I’ve gone all the way around with depression, need to do an update to that post, but would posit that an emotional state and inner physical tension can have a relationship. I prefer the version of my body post-tongue-tie-release than pre.

My climbing partner was subjected to near endless exclamations to myself about my own mouth. “I love my new mouth!” “I love taking my new mouth rock climbing!” “wow, that thing I said earlier about breathing and my diagram applies to breathing while climbing, too! Amazing!”

I could say more.

How I proceeded to the tongue tie release, 5 days ago #

I’m writing this whole damn post because I want to write down the profound and many differences I feel, inside my own body, often in shocking and beautiful ways. If you have a tongue tie, and can get the work done (myofunctional therapy, tongue tie release, more myofunctional therapy, and body work) you might find your body a drastically friendlier space to inhabit.

Colorado Tongue Tie Center #

The procedure was done by Dr. Chad, he was exceptional, it was chill, easy, pain was non-existent (during the procedure) and minimal during the post-procedure repair time. (I ended up with six sutures after the procedure, so went heavy on ibuprofen and tylenol for a few days, and took a light dose of narcotics the first night to sleep, drank TONS of salty broth)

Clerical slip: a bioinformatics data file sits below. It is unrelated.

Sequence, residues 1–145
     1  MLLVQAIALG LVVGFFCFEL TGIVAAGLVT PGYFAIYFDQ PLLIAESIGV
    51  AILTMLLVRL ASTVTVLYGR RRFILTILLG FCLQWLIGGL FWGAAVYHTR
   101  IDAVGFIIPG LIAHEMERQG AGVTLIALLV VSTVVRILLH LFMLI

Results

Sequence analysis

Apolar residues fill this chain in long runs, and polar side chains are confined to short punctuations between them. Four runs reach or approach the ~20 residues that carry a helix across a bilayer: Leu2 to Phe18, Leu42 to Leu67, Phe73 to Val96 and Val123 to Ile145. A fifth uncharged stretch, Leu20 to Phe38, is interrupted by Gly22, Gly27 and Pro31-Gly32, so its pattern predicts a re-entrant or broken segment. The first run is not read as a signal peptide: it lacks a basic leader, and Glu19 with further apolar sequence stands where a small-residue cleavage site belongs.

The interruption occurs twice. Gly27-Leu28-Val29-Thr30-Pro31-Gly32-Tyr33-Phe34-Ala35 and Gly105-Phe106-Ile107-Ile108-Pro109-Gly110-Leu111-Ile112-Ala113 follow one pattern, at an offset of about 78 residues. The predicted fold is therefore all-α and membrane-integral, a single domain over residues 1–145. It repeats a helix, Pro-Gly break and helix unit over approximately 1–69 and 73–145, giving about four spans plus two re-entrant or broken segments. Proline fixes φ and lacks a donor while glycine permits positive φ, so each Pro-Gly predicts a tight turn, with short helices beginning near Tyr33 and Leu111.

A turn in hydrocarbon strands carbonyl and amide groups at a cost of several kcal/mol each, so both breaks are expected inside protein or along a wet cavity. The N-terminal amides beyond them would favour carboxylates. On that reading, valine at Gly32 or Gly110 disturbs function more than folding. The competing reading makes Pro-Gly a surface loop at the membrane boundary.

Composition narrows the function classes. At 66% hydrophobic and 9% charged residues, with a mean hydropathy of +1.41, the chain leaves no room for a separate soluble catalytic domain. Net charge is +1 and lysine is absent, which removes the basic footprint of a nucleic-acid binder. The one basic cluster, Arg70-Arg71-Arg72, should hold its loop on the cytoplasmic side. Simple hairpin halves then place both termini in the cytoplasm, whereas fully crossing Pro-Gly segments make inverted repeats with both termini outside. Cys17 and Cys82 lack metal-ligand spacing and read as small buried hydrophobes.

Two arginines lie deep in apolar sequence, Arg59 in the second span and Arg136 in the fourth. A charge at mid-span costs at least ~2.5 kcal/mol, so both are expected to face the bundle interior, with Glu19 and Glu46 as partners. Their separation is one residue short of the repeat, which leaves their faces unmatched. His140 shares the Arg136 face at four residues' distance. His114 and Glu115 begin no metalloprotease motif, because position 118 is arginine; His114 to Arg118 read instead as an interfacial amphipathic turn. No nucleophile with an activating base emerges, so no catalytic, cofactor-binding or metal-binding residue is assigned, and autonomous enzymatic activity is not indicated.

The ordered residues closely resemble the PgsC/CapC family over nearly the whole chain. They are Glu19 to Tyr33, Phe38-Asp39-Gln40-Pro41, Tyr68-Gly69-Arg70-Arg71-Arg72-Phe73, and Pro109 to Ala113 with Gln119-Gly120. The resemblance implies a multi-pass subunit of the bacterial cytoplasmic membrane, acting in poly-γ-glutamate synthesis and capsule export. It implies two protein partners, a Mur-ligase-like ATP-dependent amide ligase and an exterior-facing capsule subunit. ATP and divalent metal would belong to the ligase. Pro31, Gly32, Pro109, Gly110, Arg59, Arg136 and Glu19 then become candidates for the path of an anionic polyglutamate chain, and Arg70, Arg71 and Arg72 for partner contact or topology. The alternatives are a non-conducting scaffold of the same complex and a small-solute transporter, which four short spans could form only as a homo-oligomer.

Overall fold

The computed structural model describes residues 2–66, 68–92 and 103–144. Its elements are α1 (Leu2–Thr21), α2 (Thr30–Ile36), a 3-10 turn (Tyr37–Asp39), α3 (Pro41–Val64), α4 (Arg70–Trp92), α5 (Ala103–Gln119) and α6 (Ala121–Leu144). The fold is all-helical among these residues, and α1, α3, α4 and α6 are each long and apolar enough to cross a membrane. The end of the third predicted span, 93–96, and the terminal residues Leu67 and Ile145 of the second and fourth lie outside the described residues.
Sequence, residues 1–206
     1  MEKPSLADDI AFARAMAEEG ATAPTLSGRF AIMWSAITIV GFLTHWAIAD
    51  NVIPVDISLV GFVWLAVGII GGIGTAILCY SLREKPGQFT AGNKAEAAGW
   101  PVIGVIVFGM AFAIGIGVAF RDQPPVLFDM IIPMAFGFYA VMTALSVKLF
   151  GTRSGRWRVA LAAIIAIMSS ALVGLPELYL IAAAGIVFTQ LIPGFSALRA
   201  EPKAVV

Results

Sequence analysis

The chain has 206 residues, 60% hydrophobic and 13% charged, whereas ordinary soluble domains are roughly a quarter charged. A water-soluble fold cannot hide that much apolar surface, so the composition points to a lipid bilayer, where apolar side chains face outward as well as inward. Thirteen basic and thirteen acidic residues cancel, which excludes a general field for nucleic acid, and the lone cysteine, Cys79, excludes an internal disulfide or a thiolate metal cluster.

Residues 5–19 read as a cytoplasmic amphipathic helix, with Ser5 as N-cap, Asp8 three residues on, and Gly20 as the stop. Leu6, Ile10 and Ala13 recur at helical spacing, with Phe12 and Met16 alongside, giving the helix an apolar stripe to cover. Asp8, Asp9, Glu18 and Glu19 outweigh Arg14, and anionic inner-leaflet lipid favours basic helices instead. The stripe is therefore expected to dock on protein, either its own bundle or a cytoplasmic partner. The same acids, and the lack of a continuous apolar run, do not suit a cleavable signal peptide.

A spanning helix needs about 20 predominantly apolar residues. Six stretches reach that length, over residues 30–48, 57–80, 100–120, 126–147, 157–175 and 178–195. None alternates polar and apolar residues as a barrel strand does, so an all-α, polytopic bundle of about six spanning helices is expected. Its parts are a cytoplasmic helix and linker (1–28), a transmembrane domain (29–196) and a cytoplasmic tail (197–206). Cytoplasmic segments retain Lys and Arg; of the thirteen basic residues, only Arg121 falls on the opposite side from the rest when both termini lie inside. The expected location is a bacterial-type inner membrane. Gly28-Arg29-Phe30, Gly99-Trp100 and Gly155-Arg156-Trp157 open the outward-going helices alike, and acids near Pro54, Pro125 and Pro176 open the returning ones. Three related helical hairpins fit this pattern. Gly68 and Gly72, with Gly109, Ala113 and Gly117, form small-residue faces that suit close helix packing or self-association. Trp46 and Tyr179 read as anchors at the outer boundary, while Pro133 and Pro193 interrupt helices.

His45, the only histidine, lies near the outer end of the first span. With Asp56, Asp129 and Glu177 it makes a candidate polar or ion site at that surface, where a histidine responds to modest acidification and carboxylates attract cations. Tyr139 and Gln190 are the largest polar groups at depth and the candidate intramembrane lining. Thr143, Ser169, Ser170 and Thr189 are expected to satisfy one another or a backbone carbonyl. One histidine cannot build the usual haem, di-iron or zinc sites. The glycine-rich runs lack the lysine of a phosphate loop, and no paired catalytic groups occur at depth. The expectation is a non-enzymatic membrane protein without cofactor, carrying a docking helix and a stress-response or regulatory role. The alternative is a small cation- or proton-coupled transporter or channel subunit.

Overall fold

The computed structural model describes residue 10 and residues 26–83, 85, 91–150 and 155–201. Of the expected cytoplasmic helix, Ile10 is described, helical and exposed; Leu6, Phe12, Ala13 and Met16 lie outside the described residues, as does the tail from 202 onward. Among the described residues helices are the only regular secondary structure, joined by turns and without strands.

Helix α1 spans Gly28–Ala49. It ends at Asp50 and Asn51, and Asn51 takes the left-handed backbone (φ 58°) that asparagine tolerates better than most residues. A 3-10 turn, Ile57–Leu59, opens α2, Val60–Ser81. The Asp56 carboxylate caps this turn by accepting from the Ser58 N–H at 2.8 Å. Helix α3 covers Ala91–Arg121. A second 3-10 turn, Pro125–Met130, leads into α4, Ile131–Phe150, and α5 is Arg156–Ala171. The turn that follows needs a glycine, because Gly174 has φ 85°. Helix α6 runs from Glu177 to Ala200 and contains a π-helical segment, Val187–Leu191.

It’s ~$1500 on a credit card, some health insurance agencies will reimburse you, and if the health insurance company won’t, the dental insurance company might. Or no one might.

Megan Dewalt, OMT #

Megan was (is) my guide through the whole process. We did a few pre-procedure meetings, a few weeks apart, where I’d get exercises to build tongue strength and proprioception so I can know where my tongue is/isn’t. To make sure I mouth breath, etc. Then I did the procedure, she’d given me notes ahead of time with the stretches to do throughout the rehab. (super light immediately after, light/medium until sutures dissolve, then go hard after)

Dr. Chad at the Tongue Tie Center said it was easy to do my procedure, as it’s always easy to do the procedures for Megan’s clients, because I had plenty of musculature in my tongue, which made it easy for him to find the tissue to remove, vs. the tissue to not remove.